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Six reasons why the Tigers didn’t deal at the winter meetings

Market conditions don’t favor Tigers’ trade needs

Detroit Tigers v Texas Rangers Photo by Ronald Martinez/Getty Images

After all the talk about slashing payroll, all the hype about being willing to trade any player, and all the expectations that the Detroit Tigers were going to market to sell at the winter meetings, General Manager Al Avila returns home without making a move. He wanted the team to get younger, faster, better defensively, and leaner in the payroll department, but none of that happened. Here are half a dozen reasons why:

The Collective Bargaining Agreement

The old CBA expired on December 1st, just days before the winter meetings began. There was talk that the meetings would even be canceled if a new agreement wasn’t in place. That had a chilling effect on the trade market, which got off to a slower start than usual by the time the meetings actually kicked off.

The market

The free agent market for sluggers is saturated with talented players available. Other than Yoenis Cespedes resigning with the New York Mets, most of the big name hitters who entered the free market at the end of the season are still available. The Tigers have mostly hitters to deal, such as J.D. Martinez, Ian Kinsler, Justin Upton, and Victor Martinez, but another team would have to give up good young players and pay their salaries. Free agents only cost money, not players as well.

The Tigers’ asking price

Avila is not looking to unload salary just for the sake of slashing payroll. He wants young major league ready position players in return. Detroit got Michael Fulmer and Luis Cessa for a two month rental of Cespedes, so they should get at least that for a full year of J.D. Martinez. With plenty of hitters still available as free agents, the market has been very slow to develop. This will inevitably change as the season approaches, but it may be July before there is a fit.

The contracts

The Tigers would most like to unload large salaries and several have trade restrictions which allow players to block a deal, or to extract even more concessions from any team that would give up both money and talent to acquire them. Such is the case with Kinsler, Upton, Verlander, Cabrera, and Victor Martinez. With the exception of J.D. Martinez, there is little surplus value in those contracts that would inspire another team to give up both the salary and equivalent value in players.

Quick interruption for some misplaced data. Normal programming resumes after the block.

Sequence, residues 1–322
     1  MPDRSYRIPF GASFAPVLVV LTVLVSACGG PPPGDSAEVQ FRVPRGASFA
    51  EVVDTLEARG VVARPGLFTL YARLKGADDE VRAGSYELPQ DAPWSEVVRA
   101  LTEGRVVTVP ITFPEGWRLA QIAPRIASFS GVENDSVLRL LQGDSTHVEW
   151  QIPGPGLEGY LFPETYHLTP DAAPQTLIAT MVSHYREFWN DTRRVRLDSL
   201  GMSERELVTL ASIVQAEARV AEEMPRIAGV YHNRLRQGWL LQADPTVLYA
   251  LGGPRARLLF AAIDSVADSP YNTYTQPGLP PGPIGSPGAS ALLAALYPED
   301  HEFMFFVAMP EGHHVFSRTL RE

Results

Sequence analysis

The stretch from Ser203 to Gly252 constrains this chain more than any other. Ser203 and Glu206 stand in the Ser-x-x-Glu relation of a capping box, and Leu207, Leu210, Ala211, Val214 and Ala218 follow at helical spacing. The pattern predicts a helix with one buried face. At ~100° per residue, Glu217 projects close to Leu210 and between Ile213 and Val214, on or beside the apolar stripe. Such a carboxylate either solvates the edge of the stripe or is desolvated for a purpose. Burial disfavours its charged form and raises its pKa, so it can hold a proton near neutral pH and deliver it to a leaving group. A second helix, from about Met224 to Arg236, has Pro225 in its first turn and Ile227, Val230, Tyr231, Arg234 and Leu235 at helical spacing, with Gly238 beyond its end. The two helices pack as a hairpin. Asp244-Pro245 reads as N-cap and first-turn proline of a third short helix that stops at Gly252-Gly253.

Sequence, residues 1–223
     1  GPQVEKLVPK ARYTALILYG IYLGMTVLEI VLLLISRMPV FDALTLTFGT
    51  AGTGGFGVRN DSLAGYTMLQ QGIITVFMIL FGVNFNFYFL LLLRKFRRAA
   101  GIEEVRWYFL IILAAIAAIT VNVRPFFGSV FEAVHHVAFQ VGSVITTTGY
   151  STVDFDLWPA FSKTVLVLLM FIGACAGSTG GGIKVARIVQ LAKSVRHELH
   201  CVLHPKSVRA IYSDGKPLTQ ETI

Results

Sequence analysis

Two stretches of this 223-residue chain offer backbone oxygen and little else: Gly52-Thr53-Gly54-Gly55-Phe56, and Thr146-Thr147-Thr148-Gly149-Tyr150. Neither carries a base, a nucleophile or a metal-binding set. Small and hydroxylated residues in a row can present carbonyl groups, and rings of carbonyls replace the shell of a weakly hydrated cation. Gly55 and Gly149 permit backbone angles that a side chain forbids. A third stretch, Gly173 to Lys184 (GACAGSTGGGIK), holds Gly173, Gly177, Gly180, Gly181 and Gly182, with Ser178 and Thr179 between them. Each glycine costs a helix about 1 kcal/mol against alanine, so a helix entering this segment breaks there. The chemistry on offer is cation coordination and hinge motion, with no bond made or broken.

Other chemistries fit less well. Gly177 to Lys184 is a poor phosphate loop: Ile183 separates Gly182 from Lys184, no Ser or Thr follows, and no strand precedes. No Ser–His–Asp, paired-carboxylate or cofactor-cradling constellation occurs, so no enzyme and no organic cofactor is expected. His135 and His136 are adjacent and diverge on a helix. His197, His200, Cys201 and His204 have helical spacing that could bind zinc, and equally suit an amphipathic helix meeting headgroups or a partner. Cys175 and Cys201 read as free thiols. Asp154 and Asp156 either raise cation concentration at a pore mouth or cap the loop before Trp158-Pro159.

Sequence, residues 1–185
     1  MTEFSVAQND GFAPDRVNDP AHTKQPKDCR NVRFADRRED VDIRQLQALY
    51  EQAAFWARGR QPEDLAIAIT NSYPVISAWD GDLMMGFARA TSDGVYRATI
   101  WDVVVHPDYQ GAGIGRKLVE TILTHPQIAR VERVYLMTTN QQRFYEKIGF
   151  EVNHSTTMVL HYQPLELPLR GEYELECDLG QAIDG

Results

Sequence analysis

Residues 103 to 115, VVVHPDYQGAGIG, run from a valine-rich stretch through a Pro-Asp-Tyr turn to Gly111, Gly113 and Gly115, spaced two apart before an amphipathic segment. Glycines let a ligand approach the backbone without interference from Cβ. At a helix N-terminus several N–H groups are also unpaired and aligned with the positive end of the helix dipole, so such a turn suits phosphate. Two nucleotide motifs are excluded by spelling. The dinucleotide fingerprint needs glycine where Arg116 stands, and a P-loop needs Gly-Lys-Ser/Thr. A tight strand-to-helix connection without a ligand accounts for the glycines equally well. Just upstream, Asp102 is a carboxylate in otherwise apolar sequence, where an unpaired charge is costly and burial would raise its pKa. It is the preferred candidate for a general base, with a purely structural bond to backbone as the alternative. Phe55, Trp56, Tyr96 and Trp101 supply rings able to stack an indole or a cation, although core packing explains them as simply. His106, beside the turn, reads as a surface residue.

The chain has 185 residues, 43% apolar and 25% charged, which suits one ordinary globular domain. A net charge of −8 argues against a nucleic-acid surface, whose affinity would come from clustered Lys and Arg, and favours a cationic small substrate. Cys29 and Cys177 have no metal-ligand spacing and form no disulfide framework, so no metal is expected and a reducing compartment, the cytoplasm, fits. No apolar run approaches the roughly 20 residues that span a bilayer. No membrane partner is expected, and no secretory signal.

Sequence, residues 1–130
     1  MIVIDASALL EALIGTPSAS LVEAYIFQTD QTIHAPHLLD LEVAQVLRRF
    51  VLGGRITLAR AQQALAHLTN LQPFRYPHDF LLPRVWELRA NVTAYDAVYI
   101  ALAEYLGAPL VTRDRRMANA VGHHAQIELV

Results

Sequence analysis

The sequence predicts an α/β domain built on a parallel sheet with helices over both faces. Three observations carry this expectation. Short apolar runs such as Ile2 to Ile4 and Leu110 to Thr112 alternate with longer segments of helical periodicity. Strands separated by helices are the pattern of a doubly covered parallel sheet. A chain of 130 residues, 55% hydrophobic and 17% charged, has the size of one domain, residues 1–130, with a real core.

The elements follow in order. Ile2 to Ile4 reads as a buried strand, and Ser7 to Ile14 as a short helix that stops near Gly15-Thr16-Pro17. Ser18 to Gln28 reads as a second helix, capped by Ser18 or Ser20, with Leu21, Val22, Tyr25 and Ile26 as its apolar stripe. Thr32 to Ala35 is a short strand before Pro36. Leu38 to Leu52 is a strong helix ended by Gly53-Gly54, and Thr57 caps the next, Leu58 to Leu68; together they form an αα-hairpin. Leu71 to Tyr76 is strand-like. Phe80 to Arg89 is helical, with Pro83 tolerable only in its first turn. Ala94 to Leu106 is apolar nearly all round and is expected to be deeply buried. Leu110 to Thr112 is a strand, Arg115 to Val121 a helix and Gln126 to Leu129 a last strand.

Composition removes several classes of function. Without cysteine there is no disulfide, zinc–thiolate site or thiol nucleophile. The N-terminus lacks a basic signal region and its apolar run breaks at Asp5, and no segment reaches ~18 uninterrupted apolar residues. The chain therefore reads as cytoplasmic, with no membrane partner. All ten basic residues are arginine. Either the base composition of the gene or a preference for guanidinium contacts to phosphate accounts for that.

The competition

Rivals didn’t get any better, as Ashley described here. The most active team at the winter meetings was the Chicago White Sox, who traded outfielder Adam Eaton and pitcher Chris Sale for a boat load of prospects. The Kansas City Royals dealt their closer, Wade Davis, and are reported to be looking to deal more of their many players who will be free agents after next season. The defending champion Cleveland Indians have lost Rajai Davis and Mike Napoli to free agency and haven’t made a move so far. So, the Tigers are in a relatively improved position vis-a-vis their division rivals, whom they will play 19 times each.

The Tigers are contenders.

As we explained here, the Tigers already have a contending roster. With better health and improvement from some of their young players, they could easily improve the team that contended right up to the final day of the season in 2016 enough to make the playoffs in 2017. The Tigers return essentially their entire roster from last season. They will only make a trade if it makes sense for their team.

Avila told reporters:

“If there is one positive, it’s that we do have a good team going into the season,” Avila said. “If we are patient and prudent and we don’t panic, things will fall into place as time allows. It’s all timing and opportunity. You cannot force the issue.”

For Tigers’ fans who were fearing a fire sale, which was never in the plans, no news is good news. The good news is that they’re going about it wisely, and not hastily. But the winter is not over. The team still would like to add a young center fielder and maybe bolster their bullpen, and they would still like to trim some payroll, which is currently on target to get hit with a luxury tax for the second consecutive season. With the luxury tax goes Avila’s flexibility to make virtually any cost adding moves during the season, as he was unable to do all of 2016.

The starting pitching market has moved quickly, in part due to the fact that the few good pitchers available have been in great demand. But even if the Tigers wanted to trade Verlander and the three years, $84 million left on his contract, it stands to reason that Chris Sale’s three years and $38 million would be moved quicker. The Tigers would not get equal value for their ace pitcher.

Detroit will attempt to trade other pitchers such as Anibal Sanchez, Mark Lowe, and Mike Pelfrey, who are free agents after 2017 and have $30 million in combined salaries. Unloading two thirds of that would get them under the luxury tax threshold. The market for starting pitchers is getting truly desperate. Even if the Tigers have to eat some of their salary, look for Detroit to try and trade them before the team heads to spring training.